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The past decade has seen considerable excitement in the use of biological therapies in treating neoplastic disease. In particular, cancer immunotherapy and oncolytic virotherapy have emerged as two frontrunners in this regard with the first FDA approvals for agents in both categories being obtained in the last 5 years. It is becoming increasingly apparent that these two approaches are not mutually exclusive and that much of the therapeutic benefit obtained from the use of oncolytic viruses (OVs) is in fact the result of their immunotherapeutic function. Indeed, OVs have been shown to recruit and activate an antitumor immune response and much of the current work in this field centers around increasing this activity through strategies such as engineering genes for immunomodulators into OV backbones. Because of their broad immunostimulatory functions, OVs can also be rationally combined with a variety of other immunotherapeutic approaches including cancer vaccination strategies, adoptive cell transfer and checkpoint blockade. Therefore, while they are important therapeutics in their own right, the true power of OVs may lie in their ability to enhance the effectiveness of a wide range of immunotherapies. Full article
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Open AccessReview
Emerging Therapeutic Potential of Nanoparticles in Pancreatic Cancer: A Systematic Review of Clinical Trials
Biomedicines 2016, 4(3), 20; doi:10.3390/biomedicines4030020 -
Abstract
Pancreatic cancer is an aggressive disease with a five year survival rate of less than 5%, which is associated with late presentation. In recent years, research into nanomedicine and the use of nanoparticles as therapeutic agents for cancers has increased. This article describes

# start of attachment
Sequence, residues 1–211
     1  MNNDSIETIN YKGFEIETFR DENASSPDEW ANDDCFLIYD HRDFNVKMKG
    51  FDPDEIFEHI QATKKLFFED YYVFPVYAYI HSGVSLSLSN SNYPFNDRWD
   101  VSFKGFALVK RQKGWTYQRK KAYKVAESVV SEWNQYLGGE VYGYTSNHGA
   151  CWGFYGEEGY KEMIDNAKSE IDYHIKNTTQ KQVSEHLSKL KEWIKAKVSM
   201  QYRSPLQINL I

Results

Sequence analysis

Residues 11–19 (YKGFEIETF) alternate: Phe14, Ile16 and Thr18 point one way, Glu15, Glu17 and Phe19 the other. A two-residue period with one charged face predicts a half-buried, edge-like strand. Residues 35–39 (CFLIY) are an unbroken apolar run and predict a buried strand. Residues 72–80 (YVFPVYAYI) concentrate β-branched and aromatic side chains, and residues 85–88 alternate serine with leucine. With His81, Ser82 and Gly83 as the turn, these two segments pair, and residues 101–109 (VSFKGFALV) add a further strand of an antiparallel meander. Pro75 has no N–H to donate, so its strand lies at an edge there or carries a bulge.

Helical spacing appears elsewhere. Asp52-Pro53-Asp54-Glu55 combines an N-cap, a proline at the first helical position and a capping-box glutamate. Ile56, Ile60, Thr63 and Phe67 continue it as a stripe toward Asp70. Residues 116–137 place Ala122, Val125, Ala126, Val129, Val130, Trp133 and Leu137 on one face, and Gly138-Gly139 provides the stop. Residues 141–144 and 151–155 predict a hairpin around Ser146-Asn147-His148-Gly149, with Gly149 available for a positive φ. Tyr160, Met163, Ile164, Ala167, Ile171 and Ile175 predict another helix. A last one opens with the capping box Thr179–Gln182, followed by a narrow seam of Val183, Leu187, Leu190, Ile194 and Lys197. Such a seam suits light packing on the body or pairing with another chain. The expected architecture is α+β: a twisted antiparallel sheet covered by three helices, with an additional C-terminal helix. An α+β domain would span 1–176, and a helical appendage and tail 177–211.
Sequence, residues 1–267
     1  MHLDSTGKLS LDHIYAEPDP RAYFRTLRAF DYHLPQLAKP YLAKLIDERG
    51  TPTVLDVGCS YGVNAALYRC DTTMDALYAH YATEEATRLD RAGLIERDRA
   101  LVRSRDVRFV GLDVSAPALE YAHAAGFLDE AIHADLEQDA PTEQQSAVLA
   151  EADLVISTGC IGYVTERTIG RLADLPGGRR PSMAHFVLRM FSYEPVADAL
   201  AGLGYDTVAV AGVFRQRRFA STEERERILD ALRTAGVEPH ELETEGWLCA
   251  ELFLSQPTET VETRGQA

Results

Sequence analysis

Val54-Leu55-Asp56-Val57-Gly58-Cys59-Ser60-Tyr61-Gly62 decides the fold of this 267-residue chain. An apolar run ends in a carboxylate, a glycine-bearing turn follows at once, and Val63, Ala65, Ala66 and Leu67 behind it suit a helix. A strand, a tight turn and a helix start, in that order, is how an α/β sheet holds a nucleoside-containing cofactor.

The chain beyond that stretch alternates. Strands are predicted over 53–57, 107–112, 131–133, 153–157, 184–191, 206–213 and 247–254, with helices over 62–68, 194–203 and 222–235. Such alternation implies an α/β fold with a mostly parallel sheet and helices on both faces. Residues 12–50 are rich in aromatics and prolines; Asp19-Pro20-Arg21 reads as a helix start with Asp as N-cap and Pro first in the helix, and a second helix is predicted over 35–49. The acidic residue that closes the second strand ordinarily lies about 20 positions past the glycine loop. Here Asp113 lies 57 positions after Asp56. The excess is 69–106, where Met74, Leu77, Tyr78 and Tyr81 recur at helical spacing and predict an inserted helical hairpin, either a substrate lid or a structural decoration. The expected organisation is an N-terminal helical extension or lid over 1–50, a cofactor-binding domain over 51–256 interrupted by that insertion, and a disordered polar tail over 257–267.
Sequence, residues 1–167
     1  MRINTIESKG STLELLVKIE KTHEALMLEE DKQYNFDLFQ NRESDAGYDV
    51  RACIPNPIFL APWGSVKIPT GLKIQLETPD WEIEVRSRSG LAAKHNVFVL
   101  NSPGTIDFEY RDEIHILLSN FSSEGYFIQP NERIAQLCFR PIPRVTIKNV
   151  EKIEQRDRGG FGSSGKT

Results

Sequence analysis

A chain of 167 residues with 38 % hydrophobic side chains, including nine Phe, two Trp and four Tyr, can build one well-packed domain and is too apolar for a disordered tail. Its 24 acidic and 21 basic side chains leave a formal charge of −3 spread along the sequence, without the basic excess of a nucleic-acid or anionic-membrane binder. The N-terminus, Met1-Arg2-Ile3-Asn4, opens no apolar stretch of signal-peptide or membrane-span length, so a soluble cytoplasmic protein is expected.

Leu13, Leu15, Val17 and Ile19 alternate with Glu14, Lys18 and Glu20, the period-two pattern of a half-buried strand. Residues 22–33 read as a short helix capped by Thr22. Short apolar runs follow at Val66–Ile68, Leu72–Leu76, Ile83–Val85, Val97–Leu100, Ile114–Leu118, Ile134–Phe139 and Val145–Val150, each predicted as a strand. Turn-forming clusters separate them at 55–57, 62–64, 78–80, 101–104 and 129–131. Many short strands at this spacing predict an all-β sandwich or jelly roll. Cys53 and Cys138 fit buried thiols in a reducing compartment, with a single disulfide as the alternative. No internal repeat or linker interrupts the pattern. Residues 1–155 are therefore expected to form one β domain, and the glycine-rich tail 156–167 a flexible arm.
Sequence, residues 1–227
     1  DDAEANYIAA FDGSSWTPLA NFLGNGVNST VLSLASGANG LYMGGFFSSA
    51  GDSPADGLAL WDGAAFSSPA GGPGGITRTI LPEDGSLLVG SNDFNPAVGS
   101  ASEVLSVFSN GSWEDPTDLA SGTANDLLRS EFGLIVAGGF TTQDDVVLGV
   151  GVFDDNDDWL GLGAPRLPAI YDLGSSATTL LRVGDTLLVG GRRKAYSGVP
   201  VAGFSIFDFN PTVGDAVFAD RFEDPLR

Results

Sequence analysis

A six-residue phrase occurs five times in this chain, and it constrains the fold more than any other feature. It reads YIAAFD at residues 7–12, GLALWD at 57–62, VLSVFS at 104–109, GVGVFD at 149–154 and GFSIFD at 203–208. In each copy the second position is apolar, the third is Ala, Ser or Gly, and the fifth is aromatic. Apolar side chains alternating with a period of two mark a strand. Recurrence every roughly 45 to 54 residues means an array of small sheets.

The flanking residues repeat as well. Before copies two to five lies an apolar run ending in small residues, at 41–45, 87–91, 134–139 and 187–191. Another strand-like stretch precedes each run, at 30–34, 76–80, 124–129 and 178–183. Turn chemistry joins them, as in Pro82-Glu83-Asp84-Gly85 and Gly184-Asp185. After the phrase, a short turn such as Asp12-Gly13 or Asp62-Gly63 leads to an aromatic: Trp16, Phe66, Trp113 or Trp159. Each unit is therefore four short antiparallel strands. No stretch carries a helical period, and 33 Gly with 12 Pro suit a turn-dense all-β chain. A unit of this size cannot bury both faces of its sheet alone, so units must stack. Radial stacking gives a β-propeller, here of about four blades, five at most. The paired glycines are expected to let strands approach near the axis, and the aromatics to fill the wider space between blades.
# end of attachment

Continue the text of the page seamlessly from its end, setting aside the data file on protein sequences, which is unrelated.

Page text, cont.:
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Pancreatic cancer is an aggressive disease with a five year survival rate of less than 5%, which is associated with late presentation. In recent years, research into nanomedicine and the use of nanoparticles as therapeutic agents for cancers has increased. This article describes the latest developments in the use of nanoparticles, and evaluates the risks and benefits of nanoparticles as an emerging therapy for pancreatic cancer. The Preferred Reporting Items of Systematic Reviews and Meta-Analyses checklist was used. Studies were extracted by searching the Embase, MEDLINE, SCOPUS, Web of Science, and Cochrane Library databases from inception to 18 March 2016 with no language restrictions. Clinical trials involving the use of nanoparticles as a therapeutic or prognostic option in patients with pancreatic cancer were considered. Selected studies were evaluated using the Jadad score for randomised control trials and the Therapy CA Worksheet for intervention studies. Of the 210 articles found, 10 clinical trials including one randomised control trial and nine phase I/II clinical trials met the inclusion criteria and were analysed. These studies demonstrated that nanoparticles can be used in conjunction with chemotherapeutic agents increasing their efficacy whilst reducing their toxicity. Increased efficacy of treatment with nanoparticles may improve the clinical outcomes and quality of life in patients with pancreatic cancer, although the long-term side effects are yet to be defined. The study registration number is CRD42015020009. Full article
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Open AccessFeature PaperReview
Recombinant Poxvirus and the Tumor Microenvironment: Oncolysis, Immune Regulation and Immunization
Biomedicines 2016, 4(3), 19; doi:10.3390/biomedicines4030019 -
Abstract